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Google Duplex Shows the Way to a True Virtual Assistant

We are accustomed to thinking about voice assistants as helpful in fetching information, opening apps and executing simple commands. Today, Google CEO Sundar Pichai demonstrated how a true virtual assistant can be granted agency by the user and execute complex tasks on our behalf. A statement by Google clarified the scope and timeline for Google Duplex.

“This summer, we’ll start testing a new capability within the Google Assistant to help you make restaurant reservations, schedule hair salon appointments, and get holiday hours, over the phone. Powered by a new technology we call Google Duplex, the Assistant can call businesses on your behalf and understand complex sentences, fast speech, and long remarks, so it can get tasks done through a phone conversation.”

The demonstration moderated by Mr. Pichai involved Google Assistant being asked to set an appointment for a hair cut between 10 am and 12 noon on a specific day. Google Assistant called the preferred hair salon and negotiated an appropriate time for the appointment.

A lot happened in that interaction. First, Google Assistant was granted agency to complete a task that had some bounded requirements. Second, Google made a call to a salon and when a person answered asked to set an appointment for a “client.” A specific time as requested and when that time was available an alternate was suggested by the receptionist that was outside of the bounded time behind the original request. Google Assistant then asked for a start time between 10 am and 12 noon and an appointment was set for 10 am. The Assistant then confirmed the time and created a calendar entry for the user.

That interaction took about 1 minute to complete for Google Assistant after the phone was answered. However, it could have taken much longer if the caller was placed on hold or the receptionist wasn’t able to handle the request. The user saved at least one minute because the command to Google Assistant took only 1-2 seconds and zero cognitive load. Mr. Pichai commented:

It will save time for people and develop a lot of value for businesses…A common themes across all of these demonstrations is that we are working hard to give users back time.

This feature represents the next stage in assistant development. It moves virtual assistants out into the world beyond our living room or smartphone screen. Busy people have often wondered what it would be like to be in two places at once and how that could make them more productive. Features like Google Duplex enables Google Assistant to execute tasks on a user’s behalf so it is like having the productivity of personal assistant and being able to do two things at once.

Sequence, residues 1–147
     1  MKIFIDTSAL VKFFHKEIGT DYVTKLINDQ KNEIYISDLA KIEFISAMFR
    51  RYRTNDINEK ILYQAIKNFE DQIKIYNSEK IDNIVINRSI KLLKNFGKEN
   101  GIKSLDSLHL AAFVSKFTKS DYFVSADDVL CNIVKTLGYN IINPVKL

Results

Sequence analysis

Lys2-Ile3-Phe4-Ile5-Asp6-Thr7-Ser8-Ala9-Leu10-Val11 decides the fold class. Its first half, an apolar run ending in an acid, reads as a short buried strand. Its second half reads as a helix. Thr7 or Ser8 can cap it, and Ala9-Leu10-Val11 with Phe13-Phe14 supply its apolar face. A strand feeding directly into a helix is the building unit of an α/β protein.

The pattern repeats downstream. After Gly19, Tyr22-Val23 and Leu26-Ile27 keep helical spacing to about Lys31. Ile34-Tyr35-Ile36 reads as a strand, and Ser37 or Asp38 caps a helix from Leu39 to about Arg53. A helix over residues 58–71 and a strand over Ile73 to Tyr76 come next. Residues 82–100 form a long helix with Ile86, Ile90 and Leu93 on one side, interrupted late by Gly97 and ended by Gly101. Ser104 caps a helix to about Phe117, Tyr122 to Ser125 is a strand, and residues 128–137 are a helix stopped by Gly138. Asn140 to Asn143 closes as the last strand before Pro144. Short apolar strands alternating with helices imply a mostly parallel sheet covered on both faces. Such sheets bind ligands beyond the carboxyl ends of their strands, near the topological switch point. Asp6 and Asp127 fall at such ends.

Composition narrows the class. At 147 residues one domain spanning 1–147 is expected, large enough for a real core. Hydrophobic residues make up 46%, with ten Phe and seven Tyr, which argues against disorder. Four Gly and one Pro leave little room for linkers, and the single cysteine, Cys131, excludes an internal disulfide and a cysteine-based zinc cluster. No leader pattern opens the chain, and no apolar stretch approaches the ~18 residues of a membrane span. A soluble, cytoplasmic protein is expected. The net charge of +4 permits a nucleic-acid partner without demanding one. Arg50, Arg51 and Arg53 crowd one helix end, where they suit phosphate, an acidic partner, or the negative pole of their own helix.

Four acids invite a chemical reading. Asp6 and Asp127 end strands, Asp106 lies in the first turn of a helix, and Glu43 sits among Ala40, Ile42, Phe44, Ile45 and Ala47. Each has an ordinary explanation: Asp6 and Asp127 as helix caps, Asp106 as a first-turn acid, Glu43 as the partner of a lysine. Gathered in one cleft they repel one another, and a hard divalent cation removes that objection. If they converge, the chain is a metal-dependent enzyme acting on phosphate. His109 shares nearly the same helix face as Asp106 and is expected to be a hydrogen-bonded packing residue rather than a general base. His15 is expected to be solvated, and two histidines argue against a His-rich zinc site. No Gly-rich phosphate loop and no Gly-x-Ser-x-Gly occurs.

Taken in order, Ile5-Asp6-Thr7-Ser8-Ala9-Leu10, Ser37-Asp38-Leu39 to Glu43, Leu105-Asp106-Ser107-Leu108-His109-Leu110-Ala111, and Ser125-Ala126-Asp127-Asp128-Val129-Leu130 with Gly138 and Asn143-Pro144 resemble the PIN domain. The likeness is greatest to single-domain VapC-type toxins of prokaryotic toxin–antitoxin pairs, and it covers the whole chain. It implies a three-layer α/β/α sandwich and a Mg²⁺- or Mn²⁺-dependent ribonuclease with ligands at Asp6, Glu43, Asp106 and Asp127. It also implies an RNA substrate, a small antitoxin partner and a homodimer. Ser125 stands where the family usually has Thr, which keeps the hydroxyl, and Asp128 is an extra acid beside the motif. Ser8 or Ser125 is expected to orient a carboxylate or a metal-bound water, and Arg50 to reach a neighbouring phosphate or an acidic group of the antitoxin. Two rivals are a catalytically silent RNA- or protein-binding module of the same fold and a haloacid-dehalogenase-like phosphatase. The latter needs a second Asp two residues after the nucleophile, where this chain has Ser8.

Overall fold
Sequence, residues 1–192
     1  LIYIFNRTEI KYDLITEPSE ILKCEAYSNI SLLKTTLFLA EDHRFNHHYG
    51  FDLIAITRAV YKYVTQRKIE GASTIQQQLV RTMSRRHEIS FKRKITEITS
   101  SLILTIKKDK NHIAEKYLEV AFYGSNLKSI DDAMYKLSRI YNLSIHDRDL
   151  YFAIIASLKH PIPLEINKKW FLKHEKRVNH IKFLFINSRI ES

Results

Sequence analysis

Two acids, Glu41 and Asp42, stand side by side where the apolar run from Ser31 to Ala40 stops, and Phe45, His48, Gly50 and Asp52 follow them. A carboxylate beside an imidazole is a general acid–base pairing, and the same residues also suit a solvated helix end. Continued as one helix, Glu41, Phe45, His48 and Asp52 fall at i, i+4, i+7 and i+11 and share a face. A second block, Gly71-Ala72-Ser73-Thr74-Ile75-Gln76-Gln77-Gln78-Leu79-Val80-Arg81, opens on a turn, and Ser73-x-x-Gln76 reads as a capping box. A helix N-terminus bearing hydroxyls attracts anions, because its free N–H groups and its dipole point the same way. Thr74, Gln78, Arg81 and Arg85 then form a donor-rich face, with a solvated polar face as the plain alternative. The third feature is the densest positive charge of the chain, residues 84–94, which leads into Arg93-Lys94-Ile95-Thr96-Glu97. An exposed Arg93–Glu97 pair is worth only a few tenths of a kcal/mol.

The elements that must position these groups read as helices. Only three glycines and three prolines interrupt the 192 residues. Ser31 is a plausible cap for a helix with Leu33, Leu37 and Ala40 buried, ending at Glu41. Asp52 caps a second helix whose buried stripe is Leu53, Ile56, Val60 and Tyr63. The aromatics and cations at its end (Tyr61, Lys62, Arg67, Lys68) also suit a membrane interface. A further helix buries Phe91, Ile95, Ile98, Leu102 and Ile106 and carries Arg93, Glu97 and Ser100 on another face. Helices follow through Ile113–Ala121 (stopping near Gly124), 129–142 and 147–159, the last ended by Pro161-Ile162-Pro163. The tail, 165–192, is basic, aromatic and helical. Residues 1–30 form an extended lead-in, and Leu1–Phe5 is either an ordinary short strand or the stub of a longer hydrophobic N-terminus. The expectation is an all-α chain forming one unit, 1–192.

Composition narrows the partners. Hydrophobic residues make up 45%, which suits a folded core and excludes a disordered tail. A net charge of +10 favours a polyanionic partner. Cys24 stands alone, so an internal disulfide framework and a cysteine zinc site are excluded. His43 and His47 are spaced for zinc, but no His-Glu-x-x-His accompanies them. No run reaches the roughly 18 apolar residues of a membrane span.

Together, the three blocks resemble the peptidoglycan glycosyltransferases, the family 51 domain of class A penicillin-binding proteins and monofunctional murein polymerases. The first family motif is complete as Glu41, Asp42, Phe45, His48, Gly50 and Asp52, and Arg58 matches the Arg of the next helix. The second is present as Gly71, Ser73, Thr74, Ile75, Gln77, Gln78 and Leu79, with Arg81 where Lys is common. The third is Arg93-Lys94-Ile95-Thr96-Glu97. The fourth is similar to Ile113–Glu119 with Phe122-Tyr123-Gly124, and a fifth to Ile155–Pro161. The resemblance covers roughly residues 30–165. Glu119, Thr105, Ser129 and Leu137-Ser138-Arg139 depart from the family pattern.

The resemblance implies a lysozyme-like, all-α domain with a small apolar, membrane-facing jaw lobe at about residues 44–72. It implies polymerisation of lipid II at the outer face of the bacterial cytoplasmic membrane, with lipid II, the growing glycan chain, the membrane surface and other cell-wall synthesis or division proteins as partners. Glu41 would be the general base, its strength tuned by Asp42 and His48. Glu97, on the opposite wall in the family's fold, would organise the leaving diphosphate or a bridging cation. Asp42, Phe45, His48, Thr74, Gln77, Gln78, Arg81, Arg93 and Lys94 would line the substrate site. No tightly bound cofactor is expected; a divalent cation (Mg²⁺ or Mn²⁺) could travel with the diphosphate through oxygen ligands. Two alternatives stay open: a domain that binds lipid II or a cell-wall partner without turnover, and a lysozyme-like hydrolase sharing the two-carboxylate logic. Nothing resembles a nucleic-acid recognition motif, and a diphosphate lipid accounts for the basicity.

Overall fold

This is precisely the value proposition that startup John Done hopes to tackle. The company’s co-founder and CEO Jeff Smith in 2017 demonstrated a virtual assistant calling florists in mid-town Manhattan to check on availability of a certain type of floral arrangement. The results were then reported back to the user, saving considerable time as the first several shops did not have availability.

Google also plans to use the Duplex capability to improve its own knowledge graph. When you search for local businesses Google will often surface the hours of operation. However, those hours are frequently changed during the holidays. Google Assistant can be used to call the retail outlets and automatically update the knowledge graph with the holiday hours.

Using Speech Disfluency to Increase Humanlike Nature of Voices

You may also have noticed in the video that the speech from Assistant was very humanlike. Speech disfluency interjections such as “Mm, hmm” and “um” were used by the Google Assistant. You can see in the second video below that Google Assistant also uses slang such as “gotcha.” Combined with Google’s new WaveNet powered Assistant voices, this makes the virtual assistant almost indistinguishable on the phone from a human.

Another impressive aspect to this demonstration is how well Google Assistant interpreted heavily accented English and a human speaker that was not answering the questions that were asked. Despite these issues, Assistant was still able to move the conversation forward, learn that you could not make a reservation for a table of four and that wait times on Wednesday evenings were typically not long. It will be interesting to hear how this dynamic NLU and speech disfluency works in the real world when in production this summer, but the demonstration was very impressive.

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